Blogging, is it still worth it?

With the rise of social media, live video, podcasting, and other digital marketing trends, it’s easy to feel like blogging is lagging behind. But even in a world where there are “sexier” options, blogging still has its place on the table.

The benefits of blogging

Blogs have been around since the dawn of the Internet. And although it has seen some evolution over the years, it has largely remained the same. Other trends have come and gone, but the blog has continued to serve as the backbone of any legitimate digital content strategy. Even in 2021, when there are many more ways to create content, there are still many benefits to blogging. This includes:

  • SEO. Most business websites have no chance of ranking on the first page of Google for key search terms. And in 9 out of 10 situations, it’s because they don’t have content. They have a home page, an about us page, a contact page and possibly a few product pages – that’s it! By creating a blog where you regularly post rich content filled with natural keywords and languages ​​that your customers use, your website instantly becomes stickier to search algorithms and increases your chances of ranking.
  • Client education. A blog gives you the opportunity to educate your clients on complex topics, technical components or major issues that arise in their life and / or in your industry. It’s a simple, organic way to educate without pretension.
  • Lead generation. A blog is a great lead generation tool. You can use this as an entry point to the website and then get people to sign up through a subscription form that’s connected to a main magnet.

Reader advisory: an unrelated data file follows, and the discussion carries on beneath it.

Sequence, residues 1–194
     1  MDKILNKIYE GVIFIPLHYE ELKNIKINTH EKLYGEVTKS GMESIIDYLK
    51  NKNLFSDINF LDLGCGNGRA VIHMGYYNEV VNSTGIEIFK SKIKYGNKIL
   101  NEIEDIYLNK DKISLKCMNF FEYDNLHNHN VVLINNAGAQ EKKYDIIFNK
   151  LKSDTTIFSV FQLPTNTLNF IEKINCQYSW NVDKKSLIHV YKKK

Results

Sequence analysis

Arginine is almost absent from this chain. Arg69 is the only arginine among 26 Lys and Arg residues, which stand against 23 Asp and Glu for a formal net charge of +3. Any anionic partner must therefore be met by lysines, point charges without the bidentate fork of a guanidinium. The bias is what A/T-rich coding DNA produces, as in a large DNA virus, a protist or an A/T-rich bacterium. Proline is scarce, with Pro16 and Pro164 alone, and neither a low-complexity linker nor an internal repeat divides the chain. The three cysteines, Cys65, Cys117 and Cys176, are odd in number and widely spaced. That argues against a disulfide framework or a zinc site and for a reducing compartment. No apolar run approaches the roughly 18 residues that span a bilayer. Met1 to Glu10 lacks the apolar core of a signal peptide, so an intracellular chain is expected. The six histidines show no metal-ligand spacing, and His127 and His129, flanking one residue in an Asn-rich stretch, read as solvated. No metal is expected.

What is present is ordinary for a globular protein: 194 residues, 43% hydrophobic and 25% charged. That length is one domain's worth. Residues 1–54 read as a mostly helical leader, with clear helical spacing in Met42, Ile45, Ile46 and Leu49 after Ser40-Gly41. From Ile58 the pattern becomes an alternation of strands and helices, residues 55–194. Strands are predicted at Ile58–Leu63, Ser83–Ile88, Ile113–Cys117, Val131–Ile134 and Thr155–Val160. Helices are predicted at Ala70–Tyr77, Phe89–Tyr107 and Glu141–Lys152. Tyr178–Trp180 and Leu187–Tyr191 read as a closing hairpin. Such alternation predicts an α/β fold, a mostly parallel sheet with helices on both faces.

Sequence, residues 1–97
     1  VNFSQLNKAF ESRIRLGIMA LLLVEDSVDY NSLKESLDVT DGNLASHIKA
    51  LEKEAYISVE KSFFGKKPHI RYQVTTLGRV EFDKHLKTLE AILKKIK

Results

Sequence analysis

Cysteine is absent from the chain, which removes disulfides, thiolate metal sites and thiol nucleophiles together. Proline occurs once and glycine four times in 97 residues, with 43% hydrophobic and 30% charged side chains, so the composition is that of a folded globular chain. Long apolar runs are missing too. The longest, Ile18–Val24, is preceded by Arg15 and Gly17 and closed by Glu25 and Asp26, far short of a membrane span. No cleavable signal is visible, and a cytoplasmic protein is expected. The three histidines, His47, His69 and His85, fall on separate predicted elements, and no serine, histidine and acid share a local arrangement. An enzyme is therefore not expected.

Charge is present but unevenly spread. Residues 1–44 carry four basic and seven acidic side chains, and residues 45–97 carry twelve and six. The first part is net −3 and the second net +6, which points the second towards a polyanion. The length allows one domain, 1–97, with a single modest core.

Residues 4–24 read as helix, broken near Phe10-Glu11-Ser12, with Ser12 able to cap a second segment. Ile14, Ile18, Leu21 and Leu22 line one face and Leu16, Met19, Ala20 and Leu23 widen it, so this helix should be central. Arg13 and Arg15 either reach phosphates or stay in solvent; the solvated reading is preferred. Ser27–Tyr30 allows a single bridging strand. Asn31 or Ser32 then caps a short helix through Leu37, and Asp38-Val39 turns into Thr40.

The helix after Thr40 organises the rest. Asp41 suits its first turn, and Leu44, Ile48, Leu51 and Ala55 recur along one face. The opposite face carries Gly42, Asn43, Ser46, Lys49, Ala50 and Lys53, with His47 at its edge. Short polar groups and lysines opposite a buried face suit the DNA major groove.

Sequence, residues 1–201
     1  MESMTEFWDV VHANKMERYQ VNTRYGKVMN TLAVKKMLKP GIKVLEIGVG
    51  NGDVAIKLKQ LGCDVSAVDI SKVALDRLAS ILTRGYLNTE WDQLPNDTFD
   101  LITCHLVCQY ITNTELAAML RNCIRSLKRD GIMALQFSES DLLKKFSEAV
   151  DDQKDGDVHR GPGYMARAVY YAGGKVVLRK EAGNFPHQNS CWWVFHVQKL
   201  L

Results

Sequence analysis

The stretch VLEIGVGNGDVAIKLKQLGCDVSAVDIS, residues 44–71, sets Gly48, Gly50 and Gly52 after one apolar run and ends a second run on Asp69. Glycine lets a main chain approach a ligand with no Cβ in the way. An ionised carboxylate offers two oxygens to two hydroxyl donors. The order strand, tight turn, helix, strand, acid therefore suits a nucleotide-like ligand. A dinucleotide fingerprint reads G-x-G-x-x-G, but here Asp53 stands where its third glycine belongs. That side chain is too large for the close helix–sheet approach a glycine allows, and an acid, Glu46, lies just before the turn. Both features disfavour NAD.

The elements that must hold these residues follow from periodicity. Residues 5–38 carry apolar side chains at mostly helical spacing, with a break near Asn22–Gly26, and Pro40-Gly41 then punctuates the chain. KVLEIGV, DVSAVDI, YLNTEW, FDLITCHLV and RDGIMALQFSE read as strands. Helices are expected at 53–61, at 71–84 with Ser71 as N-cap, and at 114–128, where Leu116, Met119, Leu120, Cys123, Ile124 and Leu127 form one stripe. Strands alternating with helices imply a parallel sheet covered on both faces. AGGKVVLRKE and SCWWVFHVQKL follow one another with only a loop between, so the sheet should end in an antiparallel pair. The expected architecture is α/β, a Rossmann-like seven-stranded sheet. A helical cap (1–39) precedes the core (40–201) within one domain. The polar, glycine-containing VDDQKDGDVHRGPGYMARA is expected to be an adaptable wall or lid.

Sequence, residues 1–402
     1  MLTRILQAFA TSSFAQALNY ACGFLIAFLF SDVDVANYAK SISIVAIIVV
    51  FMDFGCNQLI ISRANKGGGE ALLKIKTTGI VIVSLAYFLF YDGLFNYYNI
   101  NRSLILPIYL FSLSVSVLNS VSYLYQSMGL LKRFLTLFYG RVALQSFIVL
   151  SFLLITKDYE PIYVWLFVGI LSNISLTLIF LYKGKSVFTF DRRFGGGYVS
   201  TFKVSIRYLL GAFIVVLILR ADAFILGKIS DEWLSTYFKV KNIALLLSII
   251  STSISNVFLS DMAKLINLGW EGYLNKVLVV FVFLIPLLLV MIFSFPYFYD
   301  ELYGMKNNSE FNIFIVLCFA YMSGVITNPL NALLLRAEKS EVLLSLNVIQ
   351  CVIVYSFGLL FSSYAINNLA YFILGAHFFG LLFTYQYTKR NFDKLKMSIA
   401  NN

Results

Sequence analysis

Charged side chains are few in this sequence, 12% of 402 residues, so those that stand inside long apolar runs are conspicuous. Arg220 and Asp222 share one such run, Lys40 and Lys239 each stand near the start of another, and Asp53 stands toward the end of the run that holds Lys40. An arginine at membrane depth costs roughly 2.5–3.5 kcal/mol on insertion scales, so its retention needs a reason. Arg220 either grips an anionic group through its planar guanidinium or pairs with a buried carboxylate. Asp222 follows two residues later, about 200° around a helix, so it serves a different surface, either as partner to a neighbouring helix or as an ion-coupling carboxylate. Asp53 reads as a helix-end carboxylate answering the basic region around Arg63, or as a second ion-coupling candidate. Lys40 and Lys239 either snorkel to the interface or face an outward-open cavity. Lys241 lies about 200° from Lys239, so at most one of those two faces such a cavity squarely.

• Monetization. While this doesn’t happen immediately, you may actually reach a point where you are able to monetize your blog through advertisements. You probably won’t get rich, but you could potentially earn enough from your blog to offset the costs of creating content.
  • Authority. A blog is a great authority builder. Despite the ease of starting a blog, people see it as a status symbol. Much like starting a book or podcast, writing for a blog gives you that level of authority that people respect.
  • Competence development. To start, manage and grow your blog, you will need to wear multiple hats (at least at the start). And through this process, you will acquire and refine a number of valuable skills that can be leveraged in other areas of marketing and business. This includes things like keyword research, basic SEO, WordPress, conversion writing, and funnels.
  • Discipline. Blogs don’t generate results overnight. It is something that you must adhere to for several months and years. And in a world that is defined and ruled by instant gratification, there is something to be said for cultivating discipline.

When you add all of these benefits together, the power of blogging becomes clear. Regardless of the year on the calendar, blogging will continue to yield significant benefits for those who commit to doing it the right way.

How to start a blog (successful)

Start a blog is not as difficult as some claim. All it takes is planning, discipline, and consistency. Here are some other helpful tips:

1. Don’t get bogged down

Most people come up with the idea of ​​starting a blog and then get bogged down in the details before turning their dream into reality. While it is true that there are a number of steps involved in creating and starting a successful blog, you shouldn’t get so attached to the details that you forget the big picture.

Your blog name, CMS, blog hosting, and theme are all important. However, you don’t need to spend weeks hammering out these details. Once you’re at 80 percent, take action. You can always come back and fill in the gaps later. It is much more important that you put yourself forward. The sooner you do it, the better. Progress is far more important than perfection.

2. Use a basic strategy

There are dozens of popular blogging strategies out there, but the basic approach is one of the best options if you’re just getting started.